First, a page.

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Garni Visitor Center to Havuts Tar Monastery

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Khosrov Forest State Reserve

Garni Visitor Center to Havuts Tar Monastery is a 3.1 mile lightly trafficked out and back trail located near Gilanlar, Ararat, Armenia that features a river and is good for all skill levels. The trail offers a number of activity options and is best used from April until November. Horses are also able to use this trail.

Length 3.1 mi Elevation gain 774 ft Route type Out & Back

Kid friendly



Horseback riding

Mountain biking


Bird watching




Wild flowers


Historic site

Waypoints (0)

This trail passes through the picturesque canyon of Azat River in Garni district. It can be passed on foot or by horses. This hiking trail brings you to Havuts Tar Monastery which was a remarkable cultural and religious center of medieval Armenia. The monastery was established in 11th century being especially active in the period between 12th and 14th centuries. There are the following explanations of the establishment and the name of the monastery. According to a legend, the name of Havuts Tar, that means ‘’bird flight’’, is connected to an Armenian priest who healed Lenk Temur that attacked Armenia. For payment, he asked the invader to release as many prisoners as could enter the church, and when the prisoners entered the church, the priest converted them into birds. The monastery has also the name of St. Rescue, as here was the remarkable holy crucifixion rescue cross-stone. In the name, according to another interpretation, the word "hav" is used in the meaning of "grandfather" or "ancestor" in the Armenian language, by which "Havuts Tar" is considered to be the seat of two great Armenians; Sahak Partev and Mesrop Mashtots. Another explanation says that the monastery got its name from a village spreading around it, which ruins remained and can be found until today. Therefore, it should not be exclude that the term "Havuts Tar" existed much earlier than the foundation of the monastery, because the picturesque hills covered with dark green, on which the monastery was built, could be called "Havuts Tar" as a place of bird flight. It was a cathedral and had its special diocese, which also included the city of Yerevan which means that the head of Havuts Tar at the same time was the head of Yerevan. Besides being an important educational center Havuts Tar was a well-known center for manuscript creation as well, and the oldest known manuscript created here dates from 1214 AD. In 1013, Grigor Magistros constructed Surb Amenaprikich (St. Rescue) church in this complex referred to the Early Middle Ages. The walls of the main church are built with diverse color scheme using fine processed red toned local tuff stone and are rich of carved texts. The cupola and the roof are destroyed. From Southern side there are two nave chapels (now ruined). It was badly damaged during the 1679’s earthquake. Portions of the complex were rebuilt in the early 18th century by the Catholicos Astvatsatur Hamadantsi, and some restoration efforts took place in the early 20th century. Currently the monastery is in ruins.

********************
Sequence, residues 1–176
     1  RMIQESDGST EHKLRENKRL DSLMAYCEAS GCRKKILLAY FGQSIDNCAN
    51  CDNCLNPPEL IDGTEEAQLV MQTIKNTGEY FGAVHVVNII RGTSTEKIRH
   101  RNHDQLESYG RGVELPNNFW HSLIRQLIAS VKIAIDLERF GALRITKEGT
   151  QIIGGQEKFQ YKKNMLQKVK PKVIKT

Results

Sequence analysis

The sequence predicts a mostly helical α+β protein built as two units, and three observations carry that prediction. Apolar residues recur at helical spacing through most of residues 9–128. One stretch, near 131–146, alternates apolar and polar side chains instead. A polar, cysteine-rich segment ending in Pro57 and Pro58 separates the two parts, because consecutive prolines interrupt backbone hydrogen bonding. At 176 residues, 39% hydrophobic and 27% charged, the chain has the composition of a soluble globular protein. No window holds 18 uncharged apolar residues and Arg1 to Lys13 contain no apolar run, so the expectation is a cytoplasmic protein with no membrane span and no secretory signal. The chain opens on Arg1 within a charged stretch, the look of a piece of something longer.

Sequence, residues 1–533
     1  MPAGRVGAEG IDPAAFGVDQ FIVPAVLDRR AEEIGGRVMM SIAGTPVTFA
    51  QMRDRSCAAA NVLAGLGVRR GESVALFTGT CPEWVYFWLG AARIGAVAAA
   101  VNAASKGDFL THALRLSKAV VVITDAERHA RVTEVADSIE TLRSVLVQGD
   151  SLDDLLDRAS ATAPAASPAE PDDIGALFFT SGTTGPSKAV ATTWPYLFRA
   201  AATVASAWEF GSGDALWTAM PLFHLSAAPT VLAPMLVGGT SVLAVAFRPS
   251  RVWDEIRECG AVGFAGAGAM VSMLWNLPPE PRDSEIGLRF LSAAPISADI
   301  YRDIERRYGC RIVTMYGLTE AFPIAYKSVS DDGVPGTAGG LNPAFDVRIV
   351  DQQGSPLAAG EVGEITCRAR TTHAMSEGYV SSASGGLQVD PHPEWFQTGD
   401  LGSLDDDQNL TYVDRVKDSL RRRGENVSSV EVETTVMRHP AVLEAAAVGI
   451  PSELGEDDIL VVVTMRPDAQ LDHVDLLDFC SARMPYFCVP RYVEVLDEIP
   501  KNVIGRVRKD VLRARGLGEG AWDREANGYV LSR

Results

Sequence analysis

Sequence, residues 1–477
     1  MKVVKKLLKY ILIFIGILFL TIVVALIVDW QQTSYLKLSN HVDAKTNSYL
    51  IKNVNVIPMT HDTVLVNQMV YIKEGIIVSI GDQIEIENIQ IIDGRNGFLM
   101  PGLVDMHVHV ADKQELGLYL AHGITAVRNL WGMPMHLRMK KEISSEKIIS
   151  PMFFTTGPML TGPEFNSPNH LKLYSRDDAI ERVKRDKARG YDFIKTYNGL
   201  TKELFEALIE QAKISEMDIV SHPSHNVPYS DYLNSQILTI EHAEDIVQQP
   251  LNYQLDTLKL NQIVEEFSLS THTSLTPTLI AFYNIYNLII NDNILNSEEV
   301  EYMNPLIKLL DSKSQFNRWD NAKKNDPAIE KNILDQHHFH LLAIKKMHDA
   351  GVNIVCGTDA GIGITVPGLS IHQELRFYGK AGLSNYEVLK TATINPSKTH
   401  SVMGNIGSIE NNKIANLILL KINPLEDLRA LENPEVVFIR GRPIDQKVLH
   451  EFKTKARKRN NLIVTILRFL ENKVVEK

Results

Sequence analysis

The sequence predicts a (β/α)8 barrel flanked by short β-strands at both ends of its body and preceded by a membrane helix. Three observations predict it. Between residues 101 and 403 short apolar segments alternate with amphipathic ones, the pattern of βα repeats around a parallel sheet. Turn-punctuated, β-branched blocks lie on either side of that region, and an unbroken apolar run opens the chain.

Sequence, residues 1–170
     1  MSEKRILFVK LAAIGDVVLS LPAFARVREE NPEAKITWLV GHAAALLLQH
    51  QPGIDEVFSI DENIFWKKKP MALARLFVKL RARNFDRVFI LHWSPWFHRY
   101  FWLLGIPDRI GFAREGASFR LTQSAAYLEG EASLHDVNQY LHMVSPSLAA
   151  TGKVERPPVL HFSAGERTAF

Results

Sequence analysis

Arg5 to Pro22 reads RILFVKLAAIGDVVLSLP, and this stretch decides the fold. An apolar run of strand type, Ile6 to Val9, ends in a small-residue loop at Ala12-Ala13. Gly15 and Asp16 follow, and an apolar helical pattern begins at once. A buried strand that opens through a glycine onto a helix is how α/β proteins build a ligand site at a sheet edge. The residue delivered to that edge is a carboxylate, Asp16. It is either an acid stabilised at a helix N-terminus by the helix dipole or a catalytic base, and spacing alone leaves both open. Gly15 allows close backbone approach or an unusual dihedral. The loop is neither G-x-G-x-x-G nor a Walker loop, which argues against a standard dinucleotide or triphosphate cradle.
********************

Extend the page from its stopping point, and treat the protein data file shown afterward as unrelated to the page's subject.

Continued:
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Melissa E.
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The hike itself is entirely on a rutted old road with maybe four or five spots of shade... avoid doing during the heat of the day. Also costs 3000AMD for foreigners; thing is, there are many stunning monasteries in the country and I’m not sure Hayuts Tar was worth the 3000 nor the hike itself. Also, definitely start at Garni Temple, not the Visitor Centre, which adds an extra 2km of road walking. Around Garni Temple, you’ll see the columnar basalts which are amazing, and make up 2/3 stars of this review!